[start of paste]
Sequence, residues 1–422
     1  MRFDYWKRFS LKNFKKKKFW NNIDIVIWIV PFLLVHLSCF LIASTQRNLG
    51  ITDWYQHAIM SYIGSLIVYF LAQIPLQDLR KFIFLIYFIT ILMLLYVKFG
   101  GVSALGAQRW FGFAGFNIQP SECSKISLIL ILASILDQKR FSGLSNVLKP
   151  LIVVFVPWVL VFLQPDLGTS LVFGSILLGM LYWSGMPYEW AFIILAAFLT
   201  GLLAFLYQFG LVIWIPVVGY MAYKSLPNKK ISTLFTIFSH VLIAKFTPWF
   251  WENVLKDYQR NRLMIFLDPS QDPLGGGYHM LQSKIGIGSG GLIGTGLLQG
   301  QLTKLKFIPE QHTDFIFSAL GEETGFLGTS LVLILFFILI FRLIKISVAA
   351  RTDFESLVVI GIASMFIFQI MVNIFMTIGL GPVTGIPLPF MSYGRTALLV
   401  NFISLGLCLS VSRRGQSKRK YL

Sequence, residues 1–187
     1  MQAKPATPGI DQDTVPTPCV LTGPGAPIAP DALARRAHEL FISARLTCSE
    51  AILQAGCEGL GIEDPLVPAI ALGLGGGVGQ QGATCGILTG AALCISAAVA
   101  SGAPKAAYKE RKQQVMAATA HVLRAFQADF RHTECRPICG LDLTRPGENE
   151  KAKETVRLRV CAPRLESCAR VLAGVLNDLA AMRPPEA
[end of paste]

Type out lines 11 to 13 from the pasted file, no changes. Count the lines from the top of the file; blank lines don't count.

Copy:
Sequence, residues 1–187
     1  MQAKPATPGI DQDTVPTPCV LTGPGAPIAP DALARRAHEL FISARLTCSE
    51  AILQAGCEGL GIEDPLVPAI ALGLGGGVGQ QGATCGILTG AALCISAAVA